–30–

Author Joyce FaulknerAward-winning author Joyce Faulkner is the daughter and niece and wife of veterans. She writes about things that move her about life. She is a past president of Military Writers Society of America and is the cofounder of The Red Engine Press. To read more about Joyce’s work, please visit her website at www.JoyceFaulkner.com

 

Published by

kathleenmrodgers

Author of the novels The Final Salute, Johnnie Come Lately & Seven Wings to Glory. Former contributor to Family Circle Magazine and Military Times. Future work represented by agent Diane Nine, Nine Speakers Inc.

16 thoughts on “Those Who Wait”

  1. Magnificent, Joyce. A tear in my eye for my grandmother and my own mom. If I could have imagined her pain, that might have kept me home. A challenge to a mothers heart as old as the echo of a parents first love.

    1. What a beautifully written post!

      I have shared this to my Veteran Tribute page, Comes A Soldier’s Whisper on Facebook.

      I am the daughter of a WWII Veteran, Sister to a Gulf War Veteran and former spouse to a Vietnam Veteran.

      Always wonderful to connect with others who love our veterans!
      Jenny

      1. Hi Jenny,

        Thanks so much for sharing Joyce’s essay with your readers and fans on your Comes A Soldier’s Whisper FB page.
        We writers and military families are stronger together than we are apart.
        I’ll go like your FB post. And thanks also for tweeting about it. 🙂
        Take care.

  2. So beautifully written Joyce. Movingly sad. There are no survivors of war. It’s ugliness seeps out over generations afterwards; the effects unmeasurable. Women weep over graves of their loved ones that they may never be able to even lay flowers upon.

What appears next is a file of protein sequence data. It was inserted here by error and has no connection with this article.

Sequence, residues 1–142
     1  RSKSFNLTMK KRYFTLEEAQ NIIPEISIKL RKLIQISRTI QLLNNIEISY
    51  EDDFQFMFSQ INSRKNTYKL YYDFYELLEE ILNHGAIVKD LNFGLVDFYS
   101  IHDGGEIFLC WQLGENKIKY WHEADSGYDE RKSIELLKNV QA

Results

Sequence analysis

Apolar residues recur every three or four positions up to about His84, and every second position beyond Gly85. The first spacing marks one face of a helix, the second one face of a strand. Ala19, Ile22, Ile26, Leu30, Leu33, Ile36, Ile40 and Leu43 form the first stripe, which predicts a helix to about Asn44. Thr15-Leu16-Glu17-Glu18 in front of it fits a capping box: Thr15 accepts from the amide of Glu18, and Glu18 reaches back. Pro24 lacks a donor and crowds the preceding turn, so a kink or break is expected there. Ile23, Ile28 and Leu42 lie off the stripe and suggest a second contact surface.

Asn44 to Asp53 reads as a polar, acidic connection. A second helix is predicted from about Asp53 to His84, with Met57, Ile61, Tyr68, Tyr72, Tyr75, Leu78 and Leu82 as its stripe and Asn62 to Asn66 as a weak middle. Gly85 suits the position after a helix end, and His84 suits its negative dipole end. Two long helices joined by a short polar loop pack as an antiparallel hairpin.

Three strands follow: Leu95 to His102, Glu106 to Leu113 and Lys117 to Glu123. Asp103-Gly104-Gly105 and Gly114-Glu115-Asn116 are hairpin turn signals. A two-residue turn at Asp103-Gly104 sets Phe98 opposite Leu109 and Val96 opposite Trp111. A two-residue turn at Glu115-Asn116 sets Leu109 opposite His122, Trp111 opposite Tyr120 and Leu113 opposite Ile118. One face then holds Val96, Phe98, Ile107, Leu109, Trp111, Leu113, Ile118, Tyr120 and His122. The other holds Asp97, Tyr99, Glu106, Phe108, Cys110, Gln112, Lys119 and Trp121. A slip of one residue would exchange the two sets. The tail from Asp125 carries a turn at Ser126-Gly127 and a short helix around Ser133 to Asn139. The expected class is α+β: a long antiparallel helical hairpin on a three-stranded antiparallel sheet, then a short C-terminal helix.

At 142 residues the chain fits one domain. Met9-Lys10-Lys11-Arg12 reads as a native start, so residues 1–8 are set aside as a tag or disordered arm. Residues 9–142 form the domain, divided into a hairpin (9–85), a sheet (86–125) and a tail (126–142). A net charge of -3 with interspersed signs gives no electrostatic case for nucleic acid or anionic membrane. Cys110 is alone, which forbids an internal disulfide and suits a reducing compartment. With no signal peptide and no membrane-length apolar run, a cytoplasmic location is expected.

3. Joyce this is so point on.when you lose a child to war, to violence, so far away from home it is unbearable.The wait…..the hope, the fear.I’ve often said that you go through a gauntlet of emotions.There is a period of disbelief. And then they are finally home and you still can’t see or touch them.I think that kills a big part of you inside.I heard a song once where mama cries every night for the rest of her life, you do! And yes, you do want to reach out to others who have lost, but you have felt that pain.You know they have to run their own gauntlet.There are never any words that are going to comfort till time has past.

    1. The most horrific battles take place inside the hearts of our gold star families…thanks for sharing Marsha. No words can truly express what you go through.

    2. Dear Marsha,
      I don’t know your full story, but what I know from reading your comment is that you are a Gold Star Mother. My deepest respect for you and my sympathies for the loss of your child. I care.

  4. What a touching piece, Joyce. When we have the courage to look, we see the casualties of war run deep and transcend lifetimes.

  5. Joyce, I read this with tears streaming down my face. I remember Mama waiting. I remember, in 1958, her death from breast cancer, at age 47. I recall my Dad putting his face in his hands and saying “I went through four years in the South Pacific, without a scratch, and never dreamed she’d go first”…